Involuntary Commitment: When Is It Time To Bring In Counsel?

Restoration of Capacity

Last month, the Montana Supreme Court affirmed the district court’s involuntary commitment of a married, successful business owner in her late fifties (“Maggie”) to the Montana State Hospital because she showed evidence that she was unable to provide for her own basic needs, including refusing to take medication to treat her diagnosed bipolar disorder, showed signs of insomnia, lacked insight into her illness and her inability to protect her own health and safety.

Below is Maggie’s story. If you, or someone you know, is experiencing similar life-altering symptoms, it’s important to know that retaining counsel as early as possible in a psychiatric emergency situation is essential in preventing an unnecessary involuntary commitment.

What is an involuntary commitment? It is a legal proceeding to obtain a court order requiring a mentally ill individual to receive necessary psychiatric treatment that he needs but has not agreed to.  The process of obtaining the order is often initiated through a mental health screening and requires a determination that the person to be held is at risk of endangering himself or others. If it is determined that the individual can afford to pay for the cost of psychiatric care, they may be ordered to pay for the care from their own income and resources.

Why is it important to involve counsel early in the process? Retaining counsel can:

  • protect your rights
  • help you legally limit your financial responsibility where appropriate
  • provide valuable information regarding long-term care placement options and can review admissions agreements, and where the individual who is involuntarily committed is married, and cannot return to the home, counsel can help protect assets and income for the healthy spouse.
  • offer guidance regarding the next steps to take, whether it be a conservatorship, guardianship or a Medicaid or charity care application

Here’s Maggie’s story:

In 2018, Maggie lost twenty pounds and developed a sleep disorder. Over a period of approximately one week, she made multiple visits to the emergency room to obtain medical attention.  She was diagnosed with insomnia, prescribed a sleep regimen and sleep medicine, was otherwise healthy and had no history of self-harm or dangerous behavior. Maggie reported that she elected to stop driving due to the insomnia.

Fast forward to one week later, Maggie returned to the emergency department with her family due to continuing sleep issues and “high energy behaviors.” A licensed clinical social worker concluded that she was experiencing a manic episode and bipolar disorder and filed a report recommending her involuntary commitment.  The state filed its response the next day and Maggie was ordered to be held overnight pending the involuntary commitment hearing at a residential mental health facility.

Shortly after getting admitted, an evaluation was conducted and the examiner testified at the involuntary commitment hearing that Maggie had pressured speech, tangential thinking, poor judgment and insight, inability to consent to taking medication and that she exhibited paranoia with respect to the side effects of the medication prescribed.  The examiner testified that Maggie was advised that the appellant was a danger to herself due to her multiple emergency room visits, her refusal to take medication, and because she drank too many Pedialyte beverages in attempt to correct an imbalance in her electrolytes.  At the involuntary commitment hearing, the court found that Maggie presented a danger to herself and that her condition might decompensate without intervention and ordered her involuntarily committed to the state hospital.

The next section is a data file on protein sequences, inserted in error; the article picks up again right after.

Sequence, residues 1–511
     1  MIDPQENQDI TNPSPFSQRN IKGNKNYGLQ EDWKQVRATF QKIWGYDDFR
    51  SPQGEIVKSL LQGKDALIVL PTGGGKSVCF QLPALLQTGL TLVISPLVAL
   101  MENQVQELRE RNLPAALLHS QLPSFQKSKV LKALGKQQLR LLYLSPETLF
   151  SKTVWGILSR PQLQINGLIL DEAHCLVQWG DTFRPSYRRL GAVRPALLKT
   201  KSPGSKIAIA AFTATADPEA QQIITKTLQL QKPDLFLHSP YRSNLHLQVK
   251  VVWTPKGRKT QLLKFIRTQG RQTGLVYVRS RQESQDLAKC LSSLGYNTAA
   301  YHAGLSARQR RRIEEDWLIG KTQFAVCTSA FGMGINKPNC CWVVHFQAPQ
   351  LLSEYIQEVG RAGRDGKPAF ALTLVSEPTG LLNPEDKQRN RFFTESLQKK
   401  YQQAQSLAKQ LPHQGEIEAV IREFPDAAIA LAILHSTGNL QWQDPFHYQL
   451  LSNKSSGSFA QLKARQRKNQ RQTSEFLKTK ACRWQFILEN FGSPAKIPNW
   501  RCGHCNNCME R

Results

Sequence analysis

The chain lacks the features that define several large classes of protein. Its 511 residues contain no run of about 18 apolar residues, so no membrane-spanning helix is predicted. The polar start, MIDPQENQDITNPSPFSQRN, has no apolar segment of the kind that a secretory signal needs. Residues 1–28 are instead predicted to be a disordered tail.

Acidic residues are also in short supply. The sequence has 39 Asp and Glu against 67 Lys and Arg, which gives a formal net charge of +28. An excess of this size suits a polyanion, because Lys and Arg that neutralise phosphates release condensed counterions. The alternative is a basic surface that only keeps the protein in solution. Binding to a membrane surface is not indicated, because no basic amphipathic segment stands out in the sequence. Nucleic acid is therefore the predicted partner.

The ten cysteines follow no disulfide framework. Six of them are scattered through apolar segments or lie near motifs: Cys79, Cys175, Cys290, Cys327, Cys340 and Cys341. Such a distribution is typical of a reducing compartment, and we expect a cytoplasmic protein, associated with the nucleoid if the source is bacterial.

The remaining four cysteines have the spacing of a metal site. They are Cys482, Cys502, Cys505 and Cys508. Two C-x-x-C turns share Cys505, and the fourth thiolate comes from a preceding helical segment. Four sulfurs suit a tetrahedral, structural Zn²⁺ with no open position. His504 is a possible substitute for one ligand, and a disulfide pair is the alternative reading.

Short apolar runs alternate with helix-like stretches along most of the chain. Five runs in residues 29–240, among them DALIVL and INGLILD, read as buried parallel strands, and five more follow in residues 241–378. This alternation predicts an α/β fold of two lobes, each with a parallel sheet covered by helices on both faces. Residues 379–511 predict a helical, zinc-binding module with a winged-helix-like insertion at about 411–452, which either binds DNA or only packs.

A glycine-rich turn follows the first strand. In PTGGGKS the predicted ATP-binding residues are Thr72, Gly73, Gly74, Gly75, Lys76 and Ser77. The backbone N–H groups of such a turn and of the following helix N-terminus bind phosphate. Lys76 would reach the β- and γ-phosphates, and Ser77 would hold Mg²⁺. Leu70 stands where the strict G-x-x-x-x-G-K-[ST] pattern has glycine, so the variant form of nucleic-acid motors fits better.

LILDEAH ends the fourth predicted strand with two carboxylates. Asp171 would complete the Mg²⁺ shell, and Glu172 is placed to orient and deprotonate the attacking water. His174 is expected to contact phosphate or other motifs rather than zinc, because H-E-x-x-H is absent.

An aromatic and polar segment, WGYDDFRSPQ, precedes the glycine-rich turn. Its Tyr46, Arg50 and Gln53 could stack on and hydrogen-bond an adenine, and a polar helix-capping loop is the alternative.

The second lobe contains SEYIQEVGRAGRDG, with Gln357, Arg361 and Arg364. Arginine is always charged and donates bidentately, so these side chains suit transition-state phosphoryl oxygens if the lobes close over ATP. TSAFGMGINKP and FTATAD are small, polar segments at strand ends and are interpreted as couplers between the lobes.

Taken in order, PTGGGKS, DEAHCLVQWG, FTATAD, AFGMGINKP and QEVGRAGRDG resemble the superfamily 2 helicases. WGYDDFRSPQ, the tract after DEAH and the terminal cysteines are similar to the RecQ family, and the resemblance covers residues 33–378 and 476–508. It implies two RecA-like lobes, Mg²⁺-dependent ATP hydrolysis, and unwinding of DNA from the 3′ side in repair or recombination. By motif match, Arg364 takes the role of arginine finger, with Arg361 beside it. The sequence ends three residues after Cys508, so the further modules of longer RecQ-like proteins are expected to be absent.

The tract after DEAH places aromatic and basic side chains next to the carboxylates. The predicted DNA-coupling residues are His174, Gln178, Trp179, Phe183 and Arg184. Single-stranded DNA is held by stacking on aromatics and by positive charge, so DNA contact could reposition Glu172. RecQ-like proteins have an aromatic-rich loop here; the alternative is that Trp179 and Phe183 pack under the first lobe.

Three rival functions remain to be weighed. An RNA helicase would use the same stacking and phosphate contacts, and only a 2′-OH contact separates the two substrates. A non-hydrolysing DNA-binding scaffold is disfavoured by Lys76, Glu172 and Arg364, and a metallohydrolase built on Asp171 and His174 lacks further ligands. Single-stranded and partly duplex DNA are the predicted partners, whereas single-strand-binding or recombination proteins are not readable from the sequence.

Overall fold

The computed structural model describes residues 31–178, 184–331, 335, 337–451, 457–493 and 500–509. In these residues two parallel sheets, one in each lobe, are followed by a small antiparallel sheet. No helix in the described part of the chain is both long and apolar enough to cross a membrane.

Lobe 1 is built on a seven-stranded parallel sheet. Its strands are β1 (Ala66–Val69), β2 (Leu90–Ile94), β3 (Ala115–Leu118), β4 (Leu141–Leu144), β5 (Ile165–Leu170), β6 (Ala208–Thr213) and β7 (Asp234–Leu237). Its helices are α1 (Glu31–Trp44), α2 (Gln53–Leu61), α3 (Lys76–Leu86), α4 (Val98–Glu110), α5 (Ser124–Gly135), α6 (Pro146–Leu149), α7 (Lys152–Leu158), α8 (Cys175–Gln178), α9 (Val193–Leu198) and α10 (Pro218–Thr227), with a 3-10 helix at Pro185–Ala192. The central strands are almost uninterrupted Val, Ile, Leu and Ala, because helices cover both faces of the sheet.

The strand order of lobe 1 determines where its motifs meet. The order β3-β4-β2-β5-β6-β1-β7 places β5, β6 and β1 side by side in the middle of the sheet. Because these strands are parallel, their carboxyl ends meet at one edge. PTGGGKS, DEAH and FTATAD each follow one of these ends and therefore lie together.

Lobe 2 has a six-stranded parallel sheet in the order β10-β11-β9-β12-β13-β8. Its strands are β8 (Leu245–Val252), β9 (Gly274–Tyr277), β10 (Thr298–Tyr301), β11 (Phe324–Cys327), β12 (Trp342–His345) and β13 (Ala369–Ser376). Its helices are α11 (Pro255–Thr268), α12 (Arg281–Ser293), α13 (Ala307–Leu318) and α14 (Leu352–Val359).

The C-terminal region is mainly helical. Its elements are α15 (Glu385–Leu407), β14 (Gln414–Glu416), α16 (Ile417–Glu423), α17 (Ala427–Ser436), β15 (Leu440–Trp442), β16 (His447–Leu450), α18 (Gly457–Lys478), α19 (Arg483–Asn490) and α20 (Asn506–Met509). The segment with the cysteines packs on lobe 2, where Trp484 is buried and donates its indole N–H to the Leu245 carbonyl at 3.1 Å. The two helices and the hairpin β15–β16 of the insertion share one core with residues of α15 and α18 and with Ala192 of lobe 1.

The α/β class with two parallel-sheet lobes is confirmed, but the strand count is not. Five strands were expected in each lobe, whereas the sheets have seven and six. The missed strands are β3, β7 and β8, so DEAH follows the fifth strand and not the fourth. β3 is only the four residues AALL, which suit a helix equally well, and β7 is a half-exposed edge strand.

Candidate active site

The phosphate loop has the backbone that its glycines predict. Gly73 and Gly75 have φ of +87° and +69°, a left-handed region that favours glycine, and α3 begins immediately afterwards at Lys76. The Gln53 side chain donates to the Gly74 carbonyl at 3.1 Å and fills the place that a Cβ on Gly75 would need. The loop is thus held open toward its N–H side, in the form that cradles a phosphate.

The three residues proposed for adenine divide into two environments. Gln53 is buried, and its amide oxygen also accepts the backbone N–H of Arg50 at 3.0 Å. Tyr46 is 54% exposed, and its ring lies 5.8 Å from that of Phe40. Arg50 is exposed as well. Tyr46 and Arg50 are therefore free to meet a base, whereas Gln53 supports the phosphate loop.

On review, the supreme court admitted that this case was not as compelling as several prior cases in which an involuntary commitment was upheld.  However, the lower court’s decision was sustained, based on testimony that the woman had poor insight into her illness, lacked the ability to make decisions protective of her own health and safety, and was unwilling to take any medication that would resolve her manic symptoms.

Questions? Let Jane know.

Jane Fearn-Zimmer is a shareholder in the Elder and Disability LawTaxation, and Trusts and Estates Groups. She dedicates her practice to serving clients in the areas of elder and disability law, special needs planning, asset protection, tax and estate planning and estate administration. She also serves as Chair of the Elder & Disability Law section of the NJSBA.

Medicare Open Season – Important Deadlines

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The Medicare Open Enrollment window for 2020 runs from October 15, 2019 until December 7, 2019. Individuals who prefer not to have responsibility for out of pocket costs might consider enrolling in a Medicare Part F plan, which covers most deductibles and out of pocket costs. It is critical to enroll in such a plan during the upcoming open season window, because Part F plans are being phased out and will no longer be available to Medicare enrollees who are not enrolled in such a plan, or have not elected to enroll, as of December 31, 2019.

Medicare Part C enrollment will also be phased out for individuals who have not enrolled in a Medicare Part C plan as of December 31, 2019. Medicare Supplemental Plans C are private plans that deliver Medicare Part A and B services through a private insurance company.

The bottom line is that seniors and disabled individuals who will be eligible for Medicare A prior to January 1, 2020 and who prefer Medicare Part C or F coverage will need to sign up for these plans during the upcoming open enrollment period.

Questions? Let Jane know.

Jane Fearn-Zimmer is a shareholder in the Elder and Disability LawTaxation, and Trusts and Estates Groups. She dedicates her practice to serving clients in the areas of elder and disability law, special needs planning, asset protection, tax and estate planning and estate administration. She also serves as Chair of the Elder & Disability Law section of the NJSBA.

ABLE Savings Registry – The Gift that Keeps on Giving

ABLE Program in New JerseyABLE accounts are special, tax qualified disability savings vehicles for seriously disabled individuals, who had a qualifying disability incurred prior to age 26.  As long as the rules of the ABLE program are complied with, a seriously disabled individual can receive up to $15,000 (in 2019) in funds in an ABLE account without the funds being counted against him in determining the individual’s eligibility for public benefits, including Medicaid and Supplemental Security Income.

Favorable income tax provisions apply to protect the income earned on funds contributed to an ABLE account, as long as the contribution is not distributed out of the account, or if the contributions are distributed out of the ABLE account, any income is not subject to federal income tax to the extent that it is spent during the same calendar year for qualified disability related expenses.